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Powell in Rift Over Status of Detainees

Rights: While not asking that the 460 men in U.S. custody be classified as POWs, the State Dept. wants Bush to afford them the same treatment as under Geneva accords.


WASHINGTON — Calling for a change in White House policy, Secretary of State Colin L. Powell has asked President Bush to ensure that international rules of war govern the treatment of 460 suspected Taliban and Al Qaeda fighters who have been captured in Afghanistan and are in U.S. custody, administration officials said Saturday.

The State Department urged the president to give the 158 detainees at the U.S. Navy base at Guantanamo Bay, Cuba, and 302 others under guard in Afghanistan the protections and treatment guaranteed under the Geneva Conventions, though not necessarily grant them the legal status of prisoners of war, officials said.

The administration has insisted that the men in custody are "unlawful combatants" who do not qualify for the legal rights and privileges required under the Geneva accords.

That determination has drawn criticism from several European allies, the International Committee of the Red Cross and human rights groups. The protests escalated sharply last week after the Pentagon released a photograph of bound and shackled prisoners at Guantanamo, their heads and eyes covered, kneeling before U.S. soldiers.

The Geneva Conventions, the critics argue, provide that military captives are presumed to be prisoners of war until a court determines otherwise.

The White House has opposed conferring such formal status on the prisoners, in part because of U.S. efforts to interrogate them about Osama bin Laden and his global Al Qaeda terrorist network could be severely curtailed. Under the Geneva Conventions, POWs are required to provide only name, rank and serial number.

Administration officials on Saturday strongly denied that Powell's request to redefine the prisoners' status was an open challenge to Bush. They instead portrayed it as a creative attempt to solve a contentious situation that has drawn what they consider undue attention.

The apparent rift was a rare departure for the Bush administration, which has been successful at keeping a united front, not just since the Sept. 11 terrorist attacks on the World Trade Center and the Pentagon unified the nation, but also since Bush took office a year ago. However, Powell reportedly has been at odds with the Pentagon on a range of policy decisions during that time.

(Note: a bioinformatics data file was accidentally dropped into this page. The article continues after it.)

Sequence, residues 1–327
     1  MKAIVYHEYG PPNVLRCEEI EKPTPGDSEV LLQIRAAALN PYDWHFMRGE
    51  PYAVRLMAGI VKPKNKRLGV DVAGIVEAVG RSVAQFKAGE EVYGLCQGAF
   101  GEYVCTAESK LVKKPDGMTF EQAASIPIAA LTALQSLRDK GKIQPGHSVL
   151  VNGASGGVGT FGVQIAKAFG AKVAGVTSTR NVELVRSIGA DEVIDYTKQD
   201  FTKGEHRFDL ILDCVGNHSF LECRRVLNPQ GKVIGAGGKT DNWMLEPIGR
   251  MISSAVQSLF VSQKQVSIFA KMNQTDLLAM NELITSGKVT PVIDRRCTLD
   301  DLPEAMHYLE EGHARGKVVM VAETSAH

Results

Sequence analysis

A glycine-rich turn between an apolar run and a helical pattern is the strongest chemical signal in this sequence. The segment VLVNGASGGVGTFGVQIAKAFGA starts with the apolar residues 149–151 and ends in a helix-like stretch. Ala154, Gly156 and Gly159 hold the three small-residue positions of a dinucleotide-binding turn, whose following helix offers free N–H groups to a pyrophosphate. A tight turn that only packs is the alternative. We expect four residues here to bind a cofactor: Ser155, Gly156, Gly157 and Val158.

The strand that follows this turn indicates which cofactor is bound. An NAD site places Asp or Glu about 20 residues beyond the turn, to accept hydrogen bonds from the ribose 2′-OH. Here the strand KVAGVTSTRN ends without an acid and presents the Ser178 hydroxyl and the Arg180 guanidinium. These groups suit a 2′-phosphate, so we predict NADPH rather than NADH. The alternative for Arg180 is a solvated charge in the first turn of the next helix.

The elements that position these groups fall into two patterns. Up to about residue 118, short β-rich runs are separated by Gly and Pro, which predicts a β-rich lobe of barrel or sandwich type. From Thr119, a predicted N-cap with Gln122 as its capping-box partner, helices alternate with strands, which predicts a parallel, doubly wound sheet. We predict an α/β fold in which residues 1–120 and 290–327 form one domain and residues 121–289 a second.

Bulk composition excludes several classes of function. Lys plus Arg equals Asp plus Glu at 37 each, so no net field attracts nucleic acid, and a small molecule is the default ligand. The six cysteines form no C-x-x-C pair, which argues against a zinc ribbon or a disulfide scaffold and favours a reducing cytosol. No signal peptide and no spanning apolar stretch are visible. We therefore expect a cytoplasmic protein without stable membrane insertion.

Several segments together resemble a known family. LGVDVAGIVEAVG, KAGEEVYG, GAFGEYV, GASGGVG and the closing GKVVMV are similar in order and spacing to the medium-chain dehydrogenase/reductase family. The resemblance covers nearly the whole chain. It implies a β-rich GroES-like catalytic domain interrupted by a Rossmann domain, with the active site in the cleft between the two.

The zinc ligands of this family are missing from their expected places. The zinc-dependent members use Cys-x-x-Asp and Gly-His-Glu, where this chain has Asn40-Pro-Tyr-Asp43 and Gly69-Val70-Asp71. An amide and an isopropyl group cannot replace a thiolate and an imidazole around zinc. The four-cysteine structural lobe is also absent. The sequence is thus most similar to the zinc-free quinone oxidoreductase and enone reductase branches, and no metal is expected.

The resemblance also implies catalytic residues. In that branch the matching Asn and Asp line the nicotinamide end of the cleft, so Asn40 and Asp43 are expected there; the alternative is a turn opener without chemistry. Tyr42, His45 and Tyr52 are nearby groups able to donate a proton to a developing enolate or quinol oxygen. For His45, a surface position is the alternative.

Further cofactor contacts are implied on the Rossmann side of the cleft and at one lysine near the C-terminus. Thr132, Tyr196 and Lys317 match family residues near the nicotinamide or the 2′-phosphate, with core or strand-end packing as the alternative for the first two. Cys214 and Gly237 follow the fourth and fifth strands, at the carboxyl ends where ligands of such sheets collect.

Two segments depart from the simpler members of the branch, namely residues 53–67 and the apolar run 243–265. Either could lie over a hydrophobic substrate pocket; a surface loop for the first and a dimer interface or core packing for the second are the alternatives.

The specifics of Powell's request, and the White House response, were in some dispute Saturday.

White House Counsel Alberto R. Gonzales wrote a four-page memorandum Friday indicating that Powell wants the president to reverse course and declare the captives prisoners of war, several officials said.

The Washington Times, which first reported the memo Saturday, said a cover letter written by National Security Advisor Condoleezza Rice asked members of the president's war cabinet to submit their views so a memorandum could be presented to Bush on Saturday afternoon.

But Sean McCormack, a National Security Council spokesman, said the Gonzales memo was a draft and that it misstated Powell's position. He said Powell was not arguing that the detainees be declared prisoners of war, granting them protected legal status, but that they receive treatment consistent with the Geneva Conventions.

McCormack said he could not confirm that the National Security Council had met or made any new recommendations to Bush concerning the issue, but he acknowledged that there was a lively legal debate about the status of the detainees. "Terrorism is difficult," he said. "It is hard to know how to apply existing international norms to this new kind of conflict."

He took pains to argue that the debate would not materially affect the treatment of the detainees. "The real-world point here is that the detainees have been and will be treated humanely and consistent with the principles of the Geneva Convention."

A senior State Department official also described the Gonzales memo as inaccurate. He said Powell, a former chairman of the Joint Chiefs of Staff, had not proposed giving the captives legal status as POWs.

"The issue is not whether these people are prisoners of war," the official said. "They are not. They're not going to get musical instruments or monthly paychecks or any of that. Nothing will change in their treatment."

The official said Powell is concerned that the administration not give the appearance of abandoning or ignoring the Geneva Conventions. "We're concerned about Americans operating in other circumstances. You don't want to set a precedent that the convention doesn't apply."

Vice President Dick Cheney, speaking to a Cincinnati audience of GOP supporters, called the detainees "really bad people" who do not qualify as prisoners of war. But he said they are being treated well. "Nobody should feel defensive or unhappy about the quality of treatment they've received. It's probably better than they deserve."

But officials from several human rights groups argued that Powell's proposed solution was no solution.

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